Greetings all! And on this day of Thanksgiving for the US ... CONGRATULATIONS!!! to all of the folks involved in the whooping crane restoration and protection projects in North America! A new record has been realized today with an all-time high number of whooping cranes reaching their wintering grounds at the Aransas National Wildlife Refuge in Texas!! Kudos to Tom for his historic flight today -- that's a great way to work off all that turkey dinner!


The following report is forwarded with permission from Tom Stehn, USFWS biologist and US Whooping Crane Coordinator.

Where applicable, CWS stands for Canadian Wildlife Service; USFWS is US Fish and Wildlife Service. Crane monitoring involves cooperative efforts and support by both countries, plus many volunteers and non-profit organizations along the way.

Anyone wanting to contact Tom about the report or the whooping crane projects can reach him via email at: . Other information, including archived copies of these reports, can be found at the Texas Whooping Crane web site at 

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November 25, 2004

The Aransas-Wood Buffalo whooping crane population has reached a historic milestone. An aerial census on 24 November, 2004 of the Aransas National Wildlife Refuge and surrounding areas estimated the number of whooping cranes present at 181 adults + 32 young = 213 total.

Recap of cranes observed: (213)**

adults + young
Refuge 62 + 11
Lamar 2 + 1
San Jose 44 + 9
Matagorda 52 + 7
Welder Flats 21 + 4
Total 181 + 32 = 213

** a record total.

Remarks: Flight conditions were excellent with full sunshine throughout the day. Winds were west northwest at 16 gusting to 26 mph that created bumpy flight conditions. Tide levels were high, with all mudflats throughout the census area covered. A cold front had crossed the Texas coast very early on November 24th. This low pressure system had brought flooding rains to south Texas the previous two days, including 15 inches of rain in El Campo. Flooding was widespread, reported from Austin, San Antonio, Victoria and Wharton. A large amount of water hyacinth was observed on today's flight in the Victoria Barge Canal and bays close to Welder Flats, an indicator of very large inflows from the Guadalupe River.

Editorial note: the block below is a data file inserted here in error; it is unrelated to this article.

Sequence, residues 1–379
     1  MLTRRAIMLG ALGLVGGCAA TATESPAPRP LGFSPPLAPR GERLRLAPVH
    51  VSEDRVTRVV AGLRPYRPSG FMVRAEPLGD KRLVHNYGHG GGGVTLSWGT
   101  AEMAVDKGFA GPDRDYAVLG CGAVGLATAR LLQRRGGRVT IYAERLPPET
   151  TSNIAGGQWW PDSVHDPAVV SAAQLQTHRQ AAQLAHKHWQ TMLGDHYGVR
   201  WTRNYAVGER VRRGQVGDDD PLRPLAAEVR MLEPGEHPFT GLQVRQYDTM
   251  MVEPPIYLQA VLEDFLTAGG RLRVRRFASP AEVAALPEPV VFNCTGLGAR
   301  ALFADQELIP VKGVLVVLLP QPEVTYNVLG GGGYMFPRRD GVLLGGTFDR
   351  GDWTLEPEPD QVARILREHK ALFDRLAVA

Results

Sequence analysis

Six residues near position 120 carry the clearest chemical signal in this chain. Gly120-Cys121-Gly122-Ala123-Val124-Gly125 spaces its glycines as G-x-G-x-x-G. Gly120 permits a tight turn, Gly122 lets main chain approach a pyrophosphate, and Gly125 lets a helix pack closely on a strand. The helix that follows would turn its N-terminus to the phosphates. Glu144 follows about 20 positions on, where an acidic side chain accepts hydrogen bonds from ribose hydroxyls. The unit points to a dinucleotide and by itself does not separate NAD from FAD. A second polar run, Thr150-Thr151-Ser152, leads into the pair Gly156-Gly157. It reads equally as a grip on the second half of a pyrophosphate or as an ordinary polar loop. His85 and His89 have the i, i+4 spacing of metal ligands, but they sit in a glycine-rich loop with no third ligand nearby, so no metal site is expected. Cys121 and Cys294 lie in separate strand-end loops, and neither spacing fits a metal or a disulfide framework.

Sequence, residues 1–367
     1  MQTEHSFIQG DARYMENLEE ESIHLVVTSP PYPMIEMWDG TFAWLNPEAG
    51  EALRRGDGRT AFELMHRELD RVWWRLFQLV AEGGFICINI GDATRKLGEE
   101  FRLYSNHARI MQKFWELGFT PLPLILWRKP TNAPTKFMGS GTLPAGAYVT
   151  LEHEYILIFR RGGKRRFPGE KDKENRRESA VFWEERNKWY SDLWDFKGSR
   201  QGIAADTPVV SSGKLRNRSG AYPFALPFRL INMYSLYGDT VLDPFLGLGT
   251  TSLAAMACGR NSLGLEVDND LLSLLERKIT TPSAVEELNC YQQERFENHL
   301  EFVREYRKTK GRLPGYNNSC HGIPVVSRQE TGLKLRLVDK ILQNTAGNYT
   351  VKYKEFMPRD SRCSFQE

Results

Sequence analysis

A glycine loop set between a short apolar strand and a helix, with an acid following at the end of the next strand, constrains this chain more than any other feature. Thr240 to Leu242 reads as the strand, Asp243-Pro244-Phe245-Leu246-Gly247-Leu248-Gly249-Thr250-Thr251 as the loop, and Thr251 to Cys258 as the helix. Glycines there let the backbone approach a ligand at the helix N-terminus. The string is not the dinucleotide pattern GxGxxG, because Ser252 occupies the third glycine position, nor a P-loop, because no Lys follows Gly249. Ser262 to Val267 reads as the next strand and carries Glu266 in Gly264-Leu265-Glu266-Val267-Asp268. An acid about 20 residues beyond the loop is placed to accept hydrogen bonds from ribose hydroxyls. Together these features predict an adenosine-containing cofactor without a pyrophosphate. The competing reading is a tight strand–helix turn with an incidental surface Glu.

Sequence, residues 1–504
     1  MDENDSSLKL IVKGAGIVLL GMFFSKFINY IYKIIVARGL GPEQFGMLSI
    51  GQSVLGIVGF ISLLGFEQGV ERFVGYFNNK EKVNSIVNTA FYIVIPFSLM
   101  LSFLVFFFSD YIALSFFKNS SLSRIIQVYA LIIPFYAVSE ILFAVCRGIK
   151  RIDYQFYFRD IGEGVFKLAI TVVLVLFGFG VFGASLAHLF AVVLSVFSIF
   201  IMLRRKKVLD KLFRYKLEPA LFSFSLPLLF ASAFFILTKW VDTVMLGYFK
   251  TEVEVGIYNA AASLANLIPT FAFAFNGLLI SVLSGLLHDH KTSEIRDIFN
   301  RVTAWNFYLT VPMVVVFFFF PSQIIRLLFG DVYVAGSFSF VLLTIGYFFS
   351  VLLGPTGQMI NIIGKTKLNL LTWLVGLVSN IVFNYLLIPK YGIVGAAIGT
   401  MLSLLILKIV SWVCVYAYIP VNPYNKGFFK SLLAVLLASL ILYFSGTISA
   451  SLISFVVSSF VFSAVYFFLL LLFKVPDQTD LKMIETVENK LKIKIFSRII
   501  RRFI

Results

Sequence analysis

The number of cranes present at Aransas is estimated at 213 and consists of 129 adults, 52 subadults, and 32 chicks. The record total exceeds the previous high of 194 reached by the population last winter. The 53 cranes found on San Jose Island is a record total surpassing the previous high of 50 set last winter. The population of whooping cranes has doubled in the last 18 years. The results of today's flight are the most satisfying experience I have ever had in my career with U.S. Fish and Wildlife. I made the count when the population broke 100 cranes in December of 1986, but that milestone was tempered by the death the week before of Aransas Refuge Manager Frank Johnson.

An estimated 23 white-plumaged cranes and 4 young have arrived since the last flight on November 16th. Moderate north winds shortly after November 16 and the very strong cold front early on November 24th would have allowed cranes to complete the migration. The four new chicks to arrive include one adult with one chick on Welder Flats; the Jay Bird Point family on San Jose (nest 32), and the North Pump Canal adults with two chicks on San Jose (nest 42/04). Both the one adult unbanded family and the twin family with color-banded adult RwR-YbY were reported in Saskatchewan this fall. This is the second pair of twin chicks to arrive from the five pairs sighted in Wood Buffalo in August and is the first time in at least 40 years that more than one set of twins in one winter have arrived at Aransas. They are the fourth set of twins to make it to Aransas since 1997. A pair of twin chicks was sighted on Matagorda Island on November 19th by USFWS Pilot Jim Bredy, but these are believed to be the twin family from Welder Flats sighted last week that had moved over to Vee Bayou on Matagorda and were back at Welder Flats on today's flight. Their identity at Welder Flats is unknown and may not be the Narrow Cove pair as first reported.